Rolf-Barnim Foth, Director Neighbourhood Policy, Marketing, Tourism, Ministry for Economy, Transport and Innovation 

How do you hope to benefit from today's event? 

"We're here as part of a larger delegation from Hamburg, including the transport minister and representatives for the port, the development of intelligent transport and international relations. Our two cities are quite similar and we have many common interests. We've worked together with Gothenburg for many years on several joint projects and enjoy good relations between our universities and colleges, ports, tourism industries and research and development in many areas. An opportunity like this is perfect, not least for politicians to learn more about what the future holds. The existing smart cities are pioneers and thanks to them and the exchange of knowledge at conferences such as this, we don't need to keep reinventing the wheel and as such can save much money."  

"We're also hoping to arrange a meeting with Ann-Sofie Hermansson (Mayor of Gothenburg) on regional funding for a future fast rail link from Oslo to Hamburg, via Gothenburg and Malmö. What's more, it's interesting to get to discuss with Volvo Cars how Hamburg can enable their future cars to drive on our roads as well – we don't want to drive only German cars in Germany." 

Image
Charlotte Ljunggren

Charlotte Ljunggren, Airport Director, Swedavia Göteborg Landvetter Airport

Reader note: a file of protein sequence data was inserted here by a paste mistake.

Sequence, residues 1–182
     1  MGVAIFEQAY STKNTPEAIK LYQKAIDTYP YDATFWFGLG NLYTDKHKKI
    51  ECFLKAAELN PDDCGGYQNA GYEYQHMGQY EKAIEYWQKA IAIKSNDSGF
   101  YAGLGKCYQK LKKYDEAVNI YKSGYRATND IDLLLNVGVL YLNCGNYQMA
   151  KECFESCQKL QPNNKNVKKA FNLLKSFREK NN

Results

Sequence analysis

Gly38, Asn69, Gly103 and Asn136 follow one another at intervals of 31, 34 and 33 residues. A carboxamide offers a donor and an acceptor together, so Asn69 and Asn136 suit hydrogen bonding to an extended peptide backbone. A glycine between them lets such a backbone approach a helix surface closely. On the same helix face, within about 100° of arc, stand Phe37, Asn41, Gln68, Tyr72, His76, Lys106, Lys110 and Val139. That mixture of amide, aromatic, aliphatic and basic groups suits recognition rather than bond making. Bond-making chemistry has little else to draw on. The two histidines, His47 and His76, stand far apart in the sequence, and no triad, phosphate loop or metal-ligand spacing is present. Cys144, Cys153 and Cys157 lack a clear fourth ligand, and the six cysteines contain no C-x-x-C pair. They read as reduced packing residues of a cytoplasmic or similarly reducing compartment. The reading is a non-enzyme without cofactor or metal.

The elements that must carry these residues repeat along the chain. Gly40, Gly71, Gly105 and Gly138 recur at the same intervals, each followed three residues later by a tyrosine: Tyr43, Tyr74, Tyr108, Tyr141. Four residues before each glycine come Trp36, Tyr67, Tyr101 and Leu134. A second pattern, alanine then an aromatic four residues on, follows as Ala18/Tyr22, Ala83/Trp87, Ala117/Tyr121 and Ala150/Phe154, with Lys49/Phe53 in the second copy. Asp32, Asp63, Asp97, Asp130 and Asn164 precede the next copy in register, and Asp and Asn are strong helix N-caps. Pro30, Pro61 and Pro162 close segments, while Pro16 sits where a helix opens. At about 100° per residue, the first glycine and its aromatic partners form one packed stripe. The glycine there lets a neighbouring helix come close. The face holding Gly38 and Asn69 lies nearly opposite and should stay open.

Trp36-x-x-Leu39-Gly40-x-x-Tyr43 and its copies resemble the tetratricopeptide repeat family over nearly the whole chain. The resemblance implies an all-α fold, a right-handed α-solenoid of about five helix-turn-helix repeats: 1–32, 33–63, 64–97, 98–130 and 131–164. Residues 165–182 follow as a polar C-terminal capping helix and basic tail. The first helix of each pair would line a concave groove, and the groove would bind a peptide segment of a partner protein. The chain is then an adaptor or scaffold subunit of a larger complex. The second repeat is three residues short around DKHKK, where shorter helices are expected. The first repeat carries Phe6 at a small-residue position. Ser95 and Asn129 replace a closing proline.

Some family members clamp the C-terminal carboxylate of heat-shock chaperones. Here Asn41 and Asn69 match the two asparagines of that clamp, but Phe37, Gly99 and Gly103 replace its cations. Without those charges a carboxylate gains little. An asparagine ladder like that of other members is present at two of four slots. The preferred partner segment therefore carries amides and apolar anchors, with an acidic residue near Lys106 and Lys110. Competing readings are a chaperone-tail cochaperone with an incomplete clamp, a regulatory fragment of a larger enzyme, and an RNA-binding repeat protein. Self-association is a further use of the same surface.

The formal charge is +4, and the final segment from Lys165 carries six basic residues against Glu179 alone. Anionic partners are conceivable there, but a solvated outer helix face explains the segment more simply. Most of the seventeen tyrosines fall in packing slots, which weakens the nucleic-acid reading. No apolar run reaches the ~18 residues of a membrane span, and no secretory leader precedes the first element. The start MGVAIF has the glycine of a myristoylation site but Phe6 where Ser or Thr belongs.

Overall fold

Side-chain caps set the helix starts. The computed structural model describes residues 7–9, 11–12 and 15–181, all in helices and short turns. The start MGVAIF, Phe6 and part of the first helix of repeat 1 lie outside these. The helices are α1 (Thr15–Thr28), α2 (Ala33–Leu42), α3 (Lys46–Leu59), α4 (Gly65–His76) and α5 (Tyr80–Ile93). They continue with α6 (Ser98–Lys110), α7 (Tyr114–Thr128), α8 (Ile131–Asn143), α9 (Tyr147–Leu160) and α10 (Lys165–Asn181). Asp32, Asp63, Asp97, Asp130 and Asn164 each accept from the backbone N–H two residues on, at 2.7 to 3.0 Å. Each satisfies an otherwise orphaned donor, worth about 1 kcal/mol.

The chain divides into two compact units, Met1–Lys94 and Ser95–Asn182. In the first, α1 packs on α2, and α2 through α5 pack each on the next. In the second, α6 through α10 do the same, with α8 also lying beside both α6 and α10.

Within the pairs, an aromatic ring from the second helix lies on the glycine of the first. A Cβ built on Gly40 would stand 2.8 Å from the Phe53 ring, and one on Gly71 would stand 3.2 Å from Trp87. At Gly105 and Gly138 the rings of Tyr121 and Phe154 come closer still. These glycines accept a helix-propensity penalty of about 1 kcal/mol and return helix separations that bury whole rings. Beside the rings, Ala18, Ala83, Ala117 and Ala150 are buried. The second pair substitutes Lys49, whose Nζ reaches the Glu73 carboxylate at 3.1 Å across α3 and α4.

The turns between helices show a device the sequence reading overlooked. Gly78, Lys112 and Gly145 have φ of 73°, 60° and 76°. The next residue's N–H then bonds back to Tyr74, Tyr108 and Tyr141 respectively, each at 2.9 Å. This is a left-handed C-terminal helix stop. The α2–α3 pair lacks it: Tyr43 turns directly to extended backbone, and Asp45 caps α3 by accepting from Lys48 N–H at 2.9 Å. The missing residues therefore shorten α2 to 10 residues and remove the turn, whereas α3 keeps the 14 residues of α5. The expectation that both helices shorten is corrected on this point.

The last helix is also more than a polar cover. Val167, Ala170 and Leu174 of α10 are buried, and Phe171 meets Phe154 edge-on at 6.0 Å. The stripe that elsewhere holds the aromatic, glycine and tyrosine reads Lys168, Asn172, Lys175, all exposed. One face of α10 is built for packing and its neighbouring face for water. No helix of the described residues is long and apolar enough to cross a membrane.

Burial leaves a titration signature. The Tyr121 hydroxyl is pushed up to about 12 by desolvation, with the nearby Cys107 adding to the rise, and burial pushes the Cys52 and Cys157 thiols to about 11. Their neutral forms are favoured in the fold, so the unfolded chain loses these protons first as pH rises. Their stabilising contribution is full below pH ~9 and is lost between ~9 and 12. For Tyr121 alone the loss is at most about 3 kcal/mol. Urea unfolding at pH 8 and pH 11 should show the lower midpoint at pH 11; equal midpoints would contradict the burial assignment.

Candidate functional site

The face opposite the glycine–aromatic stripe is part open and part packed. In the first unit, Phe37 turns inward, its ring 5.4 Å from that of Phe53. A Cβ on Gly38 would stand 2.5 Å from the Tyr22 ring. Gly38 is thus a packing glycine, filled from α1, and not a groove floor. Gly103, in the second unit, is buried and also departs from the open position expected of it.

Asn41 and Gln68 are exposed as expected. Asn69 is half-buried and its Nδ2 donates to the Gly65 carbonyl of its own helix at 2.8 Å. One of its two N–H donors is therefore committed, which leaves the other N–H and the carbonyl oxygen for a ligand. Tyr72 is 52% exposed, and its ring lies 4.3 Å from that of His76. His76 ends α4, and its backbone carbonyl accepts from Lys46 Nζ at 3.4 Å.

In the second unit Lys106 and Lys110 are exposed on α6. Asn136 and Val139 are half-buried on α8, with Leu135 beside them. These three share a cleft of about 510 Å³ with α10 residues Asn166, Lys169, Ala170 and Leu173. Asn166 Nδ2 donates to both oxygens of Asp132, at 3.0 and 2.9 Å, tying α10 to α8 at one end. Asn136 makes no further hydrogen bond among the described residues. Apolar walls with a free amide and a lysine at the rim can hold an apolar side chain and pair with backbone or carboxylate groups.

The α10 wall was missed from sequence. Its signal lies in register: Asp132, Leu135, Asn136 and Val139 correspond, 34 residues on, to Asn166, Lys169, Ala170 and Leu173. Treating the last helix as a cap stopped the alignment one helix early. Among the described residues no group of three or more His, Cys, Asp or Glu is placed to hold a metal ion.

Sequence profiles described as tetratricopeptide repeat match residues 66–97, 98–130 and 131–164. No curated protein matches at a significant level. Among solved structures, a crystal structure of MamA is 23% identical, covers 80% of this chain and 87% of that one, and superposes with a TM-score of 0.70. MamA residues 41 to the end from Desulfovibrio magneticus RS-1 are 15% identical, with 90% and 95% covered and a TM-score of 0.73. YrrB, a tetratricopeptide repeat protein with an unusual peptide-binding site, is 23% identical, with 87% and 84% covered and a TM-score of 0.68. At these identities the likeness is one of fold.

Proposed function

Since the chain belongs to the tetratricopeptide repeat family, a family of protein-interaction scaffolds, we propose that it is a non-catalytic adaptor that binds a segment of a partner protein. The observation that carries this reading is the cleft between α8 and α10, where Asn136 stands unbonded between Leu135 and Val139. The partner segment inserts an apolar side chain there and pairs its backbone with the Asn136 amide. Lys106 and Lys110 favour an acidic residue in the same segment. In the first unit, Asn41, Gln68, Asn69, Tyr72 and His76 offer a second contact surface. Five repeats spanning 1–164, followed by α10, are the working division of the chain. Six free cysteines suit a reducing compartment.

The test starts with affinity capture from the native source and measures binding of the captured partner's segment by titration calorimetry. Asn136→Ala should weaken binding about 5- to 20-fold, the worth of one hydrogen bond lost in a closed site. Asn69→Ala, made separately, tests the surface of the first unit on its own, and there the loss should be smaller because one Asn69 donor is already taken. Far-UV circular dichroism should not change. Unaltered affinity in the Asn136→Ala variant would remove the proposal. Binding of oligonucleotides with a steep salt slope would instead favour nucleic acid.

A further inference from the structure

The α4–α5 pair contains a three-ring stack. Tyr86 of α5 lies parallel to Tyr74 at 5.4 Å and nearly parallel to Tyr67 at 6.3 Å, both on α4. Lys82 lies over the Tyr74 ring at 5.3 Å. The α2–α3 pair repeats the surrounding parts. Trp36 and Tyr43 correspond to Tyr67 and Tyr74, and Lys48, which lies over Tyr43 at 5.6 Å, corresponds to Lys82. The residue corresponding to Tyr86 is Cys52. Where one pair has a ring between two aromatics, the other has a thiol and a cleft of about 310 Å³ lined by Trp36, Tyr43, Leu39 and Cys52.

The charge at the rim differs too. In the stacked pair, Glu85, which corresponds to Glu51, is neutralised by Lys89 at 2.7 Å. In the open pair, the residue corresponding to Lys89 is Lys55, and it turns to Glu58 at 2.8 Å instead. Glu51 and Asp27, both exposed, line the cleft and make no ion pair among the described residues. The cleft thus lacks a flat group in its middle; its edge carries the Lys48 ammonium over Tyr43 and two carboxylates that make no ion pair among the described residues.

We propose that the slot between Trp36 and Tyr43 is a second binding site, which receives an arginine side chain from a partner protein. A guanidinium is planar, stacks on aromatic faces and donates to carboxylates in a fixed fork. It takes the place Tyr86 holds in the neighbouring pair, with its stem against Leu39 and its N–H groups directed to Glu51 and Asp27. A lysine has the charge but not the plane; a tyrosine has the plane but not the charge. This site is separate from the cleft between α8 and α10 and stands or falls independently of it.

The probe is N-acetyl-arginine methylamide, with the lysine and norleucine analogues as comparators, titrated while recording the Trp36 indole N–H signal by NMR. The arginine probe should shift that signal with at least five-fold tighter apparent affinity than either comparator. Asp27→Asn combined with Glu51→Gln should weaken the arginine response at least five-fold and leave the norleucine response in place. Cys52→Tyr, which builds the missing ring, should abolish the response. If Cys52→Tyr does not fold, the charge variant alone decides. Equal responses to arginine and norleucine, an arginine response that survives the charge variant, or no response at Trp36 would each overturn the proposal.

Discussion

What did you find interesting today? 

"I was impressed by how clearly a seminar such as this underlines the fact that the development of future transport solutions is a global issue, involving so many stakeholders and collaborations – the EU, individual countries and cities, trade and industry, and research. I would've enjoyed learning more about the intermodality we saw examples of from Oslo, though. Every mode of transport must play its part. We need to think more in terms of smooth day-to-day living, you need to be able to get about in different ways depending on where you are in life and where you are physically. More modes of transport need to be linked and collaborate if Gothenburg and Region Västra Götaland are to be attractive places to live."  

"It was also interesting to hear about electrified roads. Swedavia is involved in such projects, such as for goods transport between the airport and the seaport. There's generally a lot of good things being done in Gothenburg that others can learn from, from tools like the fantastic parking app to Swedavia's efforts to run a climate-smart airport. I think this is all down to the fact that we're very good at collaborating here in the Gothenburg region." 

Image
Niclas von Heidenstam

Niclas von Heidenstam, Business Developer Nordics, Icomera AB 

What insights have you gained today? 

"Today's seminars have provided good insight into how electromobility, self-driving vehicles and connected vehicles are three pillars which together provide far better conditions for the transport industry and public transport, and as such for society as a whole as well. I'm also here for personal inspiration and new knowledge, as well as to network. It's really good to gather everything and everyone under one roof in a single forum."  

"At Icomera, we work with connectivity in different vehicles, encompassing WiFi, infotainment systems and eco driving applications, for instance. Among other things, we're involved in the ElectriCity project, and I think that such collaborative initiatives are important because they drive development on many levels. They bring together so many different actors. We see this in the IT for Public Transport (ITxPT) project, for example, which we're also involved in. This is a framework for standardising IT in vehicles and involves everyone from technology suppliers through transport companies to politicians." 

Print this page:

Tip a friend

Bottom content